Regional microbial signatures positively correlate with differential wine phenotypes: evidence for a microbial aspect to terroir

Knight, Sarah and Klaere, Steffen and Fedrizzi, Bruno and Goddard, Matthew (2015) Regional microbial signatures positively correlate with differential wine phenotypes: evidence for a microbial aspect to terroir. Scientific Reports, 5 . p. 14233. ISSN 2045-2322

Full content URL: http://dx.doi.org/10.1038/srep14233

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Regional microbial signatures positively correlate with differential wine phenotypes: evidence for a microbial aspect to terroir
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Abstract

Many crops display differential geographic phenotypes and sensorial signatures, encapsulated by the concept of terroir. The drivers behind these differences remain elusive, and the potential contribution of microbes has been ignored until recently. Significant genetic differentiation between microbial communities and populations from different geographic locations has been demonstrated, but crucially it has not been shown whether this correlates with differential agricultural phenotypes or not. Using wine as a model system, we utilize the regionally genetically differentiated population of Saccharomyces cerevisiae in New Zealand and objectively demonstrate that these populations differentially affect wine phenotype, which is driven by a complex mix of chemicals. These findings reveal the importance of microbial populations for the regional identity of wine, and potentially extend to other important agricultural commodities. Moreover, this suggests that long-term implementation of methods maintaining differential biodiversity may have tangible economic imperatives as well as being desirable in terms of employing agricultural practices that increase responsible environmental stewardship.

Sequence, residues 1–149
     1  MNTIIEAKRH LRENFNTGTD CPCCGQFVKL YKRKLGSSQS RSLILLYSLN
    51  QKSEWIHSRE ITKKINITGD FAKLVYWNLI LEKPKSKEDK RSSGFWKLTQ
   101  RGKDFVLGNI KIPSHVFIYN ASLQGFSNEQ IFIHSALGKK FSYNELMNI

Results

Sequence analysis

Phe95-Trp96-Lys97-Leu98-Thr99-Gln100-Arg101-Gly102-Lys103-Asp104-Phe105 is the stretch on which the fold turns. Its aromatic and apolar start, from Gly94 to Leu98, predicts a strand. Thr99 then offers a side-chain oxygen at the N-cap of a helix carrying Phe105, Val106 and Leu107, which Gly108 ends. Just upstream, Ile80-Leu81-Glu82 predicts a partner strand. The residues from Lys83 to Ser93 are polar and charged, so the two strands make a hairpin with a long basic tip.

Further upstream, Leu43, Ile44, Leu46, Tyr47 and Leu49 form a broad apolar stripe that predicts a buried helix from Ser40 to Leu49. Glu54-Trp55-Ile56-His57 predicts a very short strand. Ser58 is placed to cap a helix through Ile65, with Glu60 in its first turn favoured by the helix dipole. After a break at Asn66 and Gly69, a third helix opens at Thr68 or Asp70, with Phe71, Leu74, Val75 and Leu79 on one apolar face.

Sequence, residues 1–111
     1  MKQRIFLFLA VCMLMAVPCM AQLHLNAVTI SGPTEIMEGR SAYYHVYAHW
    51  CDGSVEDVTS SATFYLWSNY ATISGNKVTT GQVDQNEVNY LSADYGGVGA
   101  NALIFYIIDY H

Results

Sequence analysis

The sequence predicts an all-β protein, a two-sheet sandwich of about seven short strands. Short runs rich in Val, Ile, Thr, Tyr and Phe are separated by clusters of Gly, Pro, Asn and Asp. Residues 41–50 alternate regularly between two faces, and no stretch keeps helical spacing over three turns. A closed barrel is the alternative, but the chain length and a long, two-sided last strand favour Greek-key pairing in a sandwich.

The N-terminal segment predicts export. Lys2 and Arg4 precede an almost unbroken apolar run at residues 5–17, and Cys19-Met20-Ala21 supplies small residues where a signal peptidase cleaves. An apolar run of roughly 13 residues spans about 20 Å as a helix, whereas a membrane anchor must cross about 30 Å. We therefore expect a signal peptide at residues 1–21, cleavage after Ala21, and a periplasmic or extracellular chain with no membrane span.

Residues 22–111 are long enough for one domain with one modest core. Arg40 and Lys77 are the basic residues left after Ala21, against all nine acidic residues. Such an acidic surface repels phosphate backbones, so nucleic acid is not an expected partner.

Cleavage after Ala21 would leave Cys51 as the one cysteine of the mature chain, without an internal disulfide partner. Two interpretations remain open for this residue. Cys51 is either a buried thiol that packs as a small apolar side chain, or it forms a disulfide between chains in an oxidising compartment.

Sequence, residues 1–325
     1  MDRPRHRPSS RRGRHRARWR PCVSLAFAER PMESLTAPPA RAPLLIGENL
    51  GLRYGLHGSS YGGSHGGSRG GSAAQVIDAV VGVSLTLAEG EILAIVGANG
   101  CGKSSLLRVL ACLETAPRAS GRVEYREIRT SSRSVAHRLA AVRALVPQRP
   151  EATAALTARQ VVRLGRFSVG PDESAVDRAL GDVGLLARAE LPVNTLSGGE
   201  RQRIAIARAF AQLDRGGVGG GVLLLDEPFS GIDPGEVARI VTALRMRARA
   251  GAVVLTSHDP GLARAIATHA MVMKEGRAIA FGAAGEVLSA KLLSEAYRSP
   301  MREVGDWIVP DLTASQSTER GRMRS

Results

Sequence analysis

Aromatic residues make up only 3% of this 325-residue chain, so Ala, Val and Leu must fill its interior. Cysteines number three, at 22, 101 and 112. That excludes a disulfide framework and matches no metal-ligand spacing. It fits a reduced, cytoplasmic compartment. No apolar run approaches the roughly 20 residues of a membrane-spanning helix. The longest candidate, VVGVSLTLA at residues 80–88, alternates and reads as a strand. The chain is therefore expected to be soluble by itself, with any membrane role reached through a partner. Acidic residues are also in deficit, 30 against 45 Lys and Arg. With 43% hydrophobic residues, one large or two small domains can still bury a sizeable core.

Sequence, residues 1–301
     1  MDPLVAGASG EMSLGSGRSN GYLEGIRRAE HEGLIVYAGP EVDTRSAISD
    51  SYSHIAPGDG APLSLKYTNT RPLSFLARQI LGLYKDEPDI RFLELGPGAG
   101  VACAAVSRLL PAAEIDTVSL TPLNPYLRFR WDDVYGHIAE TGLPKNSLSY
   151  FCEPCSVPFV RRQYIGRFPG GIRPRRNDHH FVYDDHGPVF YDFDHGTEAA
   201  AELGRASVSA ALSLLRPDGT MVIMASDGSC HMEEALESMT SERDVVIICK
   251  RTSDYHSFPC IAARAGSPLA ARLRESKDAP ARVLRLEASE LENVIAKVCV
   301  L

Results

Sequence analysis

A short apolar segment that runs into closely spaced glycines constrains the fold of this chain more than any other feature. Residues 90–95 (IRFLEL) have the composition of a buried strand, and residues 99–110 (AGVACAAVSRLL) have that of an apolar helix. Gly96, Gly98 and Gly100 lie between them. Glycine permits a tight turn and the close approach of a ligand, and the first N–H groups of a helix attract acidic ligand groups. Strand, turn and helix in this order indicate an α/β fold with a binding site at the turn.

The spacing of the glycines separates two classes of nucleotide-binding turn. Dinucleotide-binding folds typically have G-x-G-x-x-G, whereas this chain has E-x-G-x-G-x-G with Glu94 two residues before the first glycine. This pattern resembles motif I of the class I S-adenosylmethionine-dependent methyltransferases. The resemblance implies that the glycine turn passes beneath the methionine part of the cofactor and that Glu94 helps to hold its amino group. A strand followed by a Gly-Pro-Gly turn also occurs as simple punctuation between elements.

Keywords:Saccharomyces cerevisiae, terroir, wine, Agriculture
Subjects:D Veterinary Sciences, Agriculture and related subjects > D711 Agricultural Microbiology
C Biological Sciences > C220 Mycology
C Biological Sciences > C400 Genetics
C Biological Sciences > C170 Population Biology
C Biological Sciences > C510 Applied Microbiology
D Veterinary Sciences, Agriculture and related subjects > D630 Food and Beverage Production
D Veterinary Sciences, Agriculture and related subjects > D410 Arable and Fruit Farming
Divisions:College of Science > School of Life Sciences
ID Code:18474
Deposited On:26 Aug 2015 14:13

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